Part of this month’s theme on illustration and wildlife, and in particular wildlife conservation…
Illustration, by definition, always has a ‘purpose’, to illustrate something, to make a point or get a message across. Beautiful photo-real paintings of African lions can still make us stop in our tracks, be impressed by or have an emotive reaction, but generally they are seen as ‘art’ rather than ‘illustration’. These days, illustration falls in the graphic design camp, and tends to always be working for its place in our visual world – it has a reason other than the image itself to exist, and thats why it can work so well with conservation, it can help to serve its cause.
The early days of wildlife illustration
Before the days of photography, high definition video cameras and smart phones, wildlife especially from far away places, was seen by people through the form of illustration. Some of the early explorers (including Alfred Russell Wallace and Charles Darwin) lugged books, papers, inks and paints through jungles and up rivers in search of new species to observe and illustrate.
Illustrations by Mark Catesby and Maria Sibylla Merian:
The books of these illustrators became ‘bibles’ of the natural world, some becoming huge encyclopaedias of the current state of nature. It helped develop ideas and theories on the natural world, that form the basis of our modern-day science. Sketching the beaks of the finches is what gave rise to Darwin’s theories:
These days, those illustration give us an insight into the views and contemporary understanding of the Victorian era, and shows how science has developed. So in that sense it helps with conservation today – it gives us early accounts, illustrations of species that no longer exist (like the dodo) and ideas of how the natural world has changed over the centuries.
Wildlife illustration today
Now that we have such amazing camera and film-making technology, the role of illustration has changed from what it was in Victorian times. It is no longer the primary image-making tool for recording the world around us, but has developed instead in to one of interpretation and interaction. I don’t think this in anyway makes illustration less important. In fact I think in an image-overloaded world, illustration is there to work even harder and shout even louder. It can be clever or funny or sad or thought-provoking – whatever the conservation message that is needed, illustration can step up to the job.
The power of the visual
Visual communication is one of the most powerful forms of communication we have – an image can say a thousand words, right? The role of illustration, photography and other visual arts is to translate the science into something we can relate and respond to. Most people won’t read scientific data on in-depth field studies, but they are more likely to have an emotive response to a visual representation of that data. And emotive responses are shown to be more likely to lead to action too, whether thats donating to a charity, getting involved with conservation or just becoming much more aware of the natural world around them.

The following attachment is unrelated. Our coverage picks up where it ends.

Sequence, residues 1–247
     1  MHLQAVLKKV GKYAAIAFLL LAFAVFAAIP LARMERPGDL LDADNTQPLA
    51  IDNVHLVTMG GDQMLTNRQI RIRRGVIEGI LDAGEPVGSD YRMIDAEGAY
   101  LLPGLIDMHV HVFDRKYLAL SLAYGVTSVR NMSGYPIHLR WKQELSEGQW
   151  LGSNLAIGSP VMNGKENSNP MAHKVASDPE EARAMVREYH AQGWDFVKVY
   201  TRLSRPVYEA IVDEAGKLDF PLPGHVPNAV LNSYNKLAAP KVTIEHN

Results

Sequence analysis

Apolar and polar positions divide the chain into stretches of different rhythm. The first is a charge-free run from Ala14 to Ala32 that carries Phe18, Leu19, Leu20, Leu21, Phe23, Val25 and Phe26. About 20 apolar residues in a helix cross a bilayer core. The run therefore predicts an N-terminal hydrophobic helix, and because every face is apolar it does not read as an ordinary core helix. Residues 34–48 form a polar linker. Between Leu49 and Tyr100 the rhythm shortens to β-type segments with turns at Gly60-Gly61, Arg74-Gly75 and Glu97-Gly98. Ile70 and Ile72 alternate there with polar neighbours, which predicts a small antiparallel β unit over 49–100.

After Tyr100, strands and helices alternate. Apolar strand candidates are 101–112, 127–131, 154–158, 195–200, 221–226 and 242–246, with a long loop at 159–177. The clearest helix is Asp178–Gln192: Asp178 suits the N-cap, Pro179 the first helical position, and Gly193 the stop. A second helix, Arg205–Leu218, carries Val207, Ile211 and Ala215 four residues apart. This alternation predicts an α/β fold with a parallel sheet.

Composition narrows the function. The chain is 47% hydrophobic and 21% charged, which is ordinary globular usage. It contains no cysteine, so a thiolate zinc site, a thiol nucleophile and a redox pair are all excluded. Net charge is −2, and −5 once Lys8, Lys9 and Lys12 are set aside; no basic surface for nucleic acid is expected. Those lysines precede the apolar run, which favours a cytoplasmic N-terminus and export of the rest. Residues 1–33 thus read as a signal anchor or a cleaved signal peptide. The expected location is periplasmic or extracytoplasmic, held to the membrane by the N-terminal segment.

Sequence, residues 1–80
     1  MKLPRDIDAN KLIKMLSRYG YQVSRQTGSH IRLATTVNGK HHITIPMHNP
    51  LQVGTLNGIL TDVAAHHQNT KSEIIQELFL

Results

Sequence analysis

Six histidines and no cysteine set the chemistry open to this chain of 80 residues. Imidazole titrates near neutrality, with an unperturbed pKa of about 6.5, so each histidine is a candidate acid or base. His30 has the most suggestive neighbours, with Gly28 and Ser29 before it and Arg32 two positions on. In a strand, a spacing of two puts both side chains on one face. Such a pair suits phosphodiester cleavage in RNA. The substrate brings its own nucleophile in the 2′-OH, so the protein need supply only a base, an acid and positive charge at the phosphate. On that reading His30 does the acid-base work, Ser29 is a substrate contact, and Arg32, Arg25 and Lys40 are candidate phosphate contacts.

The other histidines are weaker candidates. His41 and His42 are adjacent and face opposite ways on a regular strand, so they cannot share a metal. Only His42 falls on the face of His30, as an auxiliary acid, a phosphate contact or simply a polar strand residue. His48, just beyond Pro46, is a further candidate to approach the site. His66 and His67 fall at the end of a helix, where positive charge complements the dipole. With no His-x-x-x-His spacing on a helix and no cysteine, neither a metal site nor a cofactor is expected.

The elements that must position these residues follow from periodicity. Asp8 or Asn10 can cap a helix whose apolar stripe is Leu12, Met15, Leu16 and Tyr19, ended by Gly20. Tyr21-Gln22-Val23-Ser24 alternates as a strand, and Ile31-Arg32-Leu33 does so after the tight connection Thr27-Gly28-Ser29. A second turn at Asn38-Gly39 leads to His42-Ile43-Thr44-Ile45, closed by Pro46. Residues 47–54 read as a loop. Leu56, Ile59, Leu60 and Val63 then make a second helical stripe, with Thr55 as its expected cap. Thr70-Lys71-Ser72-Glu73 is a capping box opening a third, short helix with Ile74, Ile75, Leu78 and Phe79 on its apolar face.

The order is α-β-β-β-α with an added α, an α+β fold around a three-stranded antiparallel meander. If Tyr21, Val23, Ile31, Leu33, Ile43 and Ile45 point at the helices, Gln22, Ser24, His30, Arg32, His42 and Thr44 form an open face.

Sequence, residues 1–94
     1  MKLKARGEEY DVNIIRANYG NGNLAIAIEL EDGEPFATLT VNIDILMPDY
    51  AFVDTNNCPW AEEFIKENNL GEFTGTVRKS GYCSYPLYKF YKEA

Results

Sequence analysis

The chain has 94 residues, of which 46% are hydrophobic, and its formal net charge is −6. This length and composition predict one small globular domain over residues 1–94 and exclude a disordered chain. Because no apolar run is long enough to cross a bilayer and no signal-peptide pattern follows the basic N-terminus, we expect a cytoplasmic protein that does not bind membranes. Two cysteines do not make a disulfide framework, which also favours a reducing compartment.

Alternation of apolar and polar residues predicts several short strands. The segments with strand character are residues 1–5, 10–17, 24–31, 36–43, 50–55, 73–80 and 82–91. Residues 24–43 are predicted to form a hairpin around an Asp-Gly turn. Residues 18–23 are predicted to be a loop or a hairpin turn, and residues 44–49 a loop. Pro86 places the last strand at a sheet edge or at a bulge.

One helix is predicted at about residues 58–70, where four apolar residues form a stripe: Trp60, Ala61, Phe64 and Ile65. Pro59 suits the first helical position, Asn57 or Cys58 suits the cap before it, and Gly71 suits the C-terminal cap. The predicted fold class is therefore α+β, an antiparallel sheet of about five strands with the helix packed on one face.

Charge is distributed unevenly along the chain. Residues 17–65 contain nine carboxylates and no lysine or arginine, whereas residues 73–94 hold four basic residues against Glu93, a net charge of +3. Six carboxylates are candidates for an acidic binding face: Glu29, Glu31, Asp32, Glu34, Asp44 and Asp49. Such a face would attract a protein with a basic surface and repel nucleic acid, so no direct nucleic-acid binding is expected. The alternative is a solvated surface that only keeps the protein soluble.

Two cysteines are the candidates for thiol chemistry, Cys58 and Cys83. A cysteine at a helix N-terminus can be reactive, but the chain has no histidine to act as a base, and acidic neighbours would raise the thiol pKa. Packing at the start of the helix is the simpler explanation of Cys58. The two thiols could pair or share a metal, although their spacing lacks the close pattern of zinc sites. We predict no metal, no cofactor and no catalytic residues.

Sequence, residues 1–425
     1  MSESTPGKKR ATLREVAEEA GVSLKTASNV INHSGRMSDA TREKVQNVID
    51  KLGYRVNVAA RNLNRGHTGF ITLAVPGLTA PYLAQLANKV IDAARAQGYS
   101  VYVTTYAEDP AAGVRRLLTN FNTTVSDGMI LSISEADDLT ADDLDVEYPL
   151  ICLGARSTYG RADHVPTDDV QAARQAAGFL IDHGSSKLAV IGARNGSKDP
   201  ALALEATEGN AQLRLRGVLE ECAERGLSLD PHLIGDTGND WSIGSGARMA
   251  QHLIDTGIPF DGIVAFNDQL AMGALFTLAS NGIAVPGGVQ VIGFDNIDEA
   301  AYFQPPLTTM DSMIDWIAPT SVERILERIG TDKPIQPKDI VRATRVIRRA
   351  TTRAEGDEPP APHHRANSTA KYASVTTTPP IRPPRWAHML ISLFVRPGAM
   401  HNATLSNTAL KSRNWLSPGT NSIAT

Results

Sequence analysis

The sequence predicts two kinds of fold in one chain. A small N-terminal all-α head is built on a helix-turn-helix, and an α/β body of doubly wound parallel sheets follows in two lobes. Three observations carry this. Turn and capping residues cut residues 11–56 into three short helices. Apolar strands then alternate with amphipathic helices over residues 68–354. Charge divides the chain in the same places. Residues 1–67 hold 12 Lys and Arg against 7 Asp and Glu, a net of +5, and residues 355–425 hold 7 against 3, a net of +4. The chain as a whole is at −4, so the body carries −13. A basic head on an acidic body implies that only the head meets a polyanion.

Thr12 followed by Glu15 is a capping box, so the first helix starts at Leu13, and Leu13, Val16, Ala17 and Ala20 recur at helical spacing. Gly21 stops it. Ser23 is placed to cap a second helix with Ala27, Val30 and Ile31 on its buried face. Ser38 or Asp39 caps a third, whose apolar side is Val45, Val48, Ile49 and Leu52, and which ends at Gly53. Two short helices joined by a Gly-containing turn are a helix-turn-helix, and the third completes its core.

Here are a couple of Greenpeace posters, both using illustration and graphics. Both use illustration to make the message easier and quicker to ‘read’ – its that ‘an image can say a thousand words’ thing again. The second one especially makes something (size of the trawler nets) that would otherwise be a meaningless number to most people, instantly make sense, and have powerful impact.
Here is a great TED talk by conservationist Dr Lucy Superman called ‘Art Can Save A Panda’ about using art to educate and inspire. Lucy also runs Creature Conserve, an organisation to bring artists and scientists together to help conserve endangered animals.
Illustration can be a great way to engage with kids as it can be easier for them to digest information and ideas, and you can make it fun too. I have a great book called Planet Zoo by Simon Barnes – large hardback kids book I got from a charity shop, 3 or 4 pages is dedicated to different endangered animals, with tonnes of beautiful illustrations and text about them why they are in trouble. Capturing the imagination and the wonder of animals is so important, especially for young kids. But I think when you’re dealing with tricky topics or ones that the general public aren’t away of, then its the same idea – you need to make the information accessible.
Artists in Residence
A lot of the major zoos today have Artists in Residence who work alongside the zoo animals and staff to engage with new audiences and increase the conservation messages they are putting out. Chester Zoo has an Artist in Residence who puts on creative workshops, all with a conservation angle. London Zoo has the Artists for Animals program, which ‘enables artists to use the resources that ZSL has, help develop their artistic practise, further their knowledge and interest in animals and conservation and better understand different species, the threats they face and how art could highlight that.’ All these types of schemes help to increase interpretation and interaction with the big wildlife issues.
Going back to wildlife sketchbooks
Even though we have cameras today, there is still a place for field sketchbooks and drawing the natural world. It can really make you ‘see’ whats around you so much better, and you pay attention to small details that you might otherwise miss. I’ve discovered recently how great a Nature Journal is, illustration can be for everyone!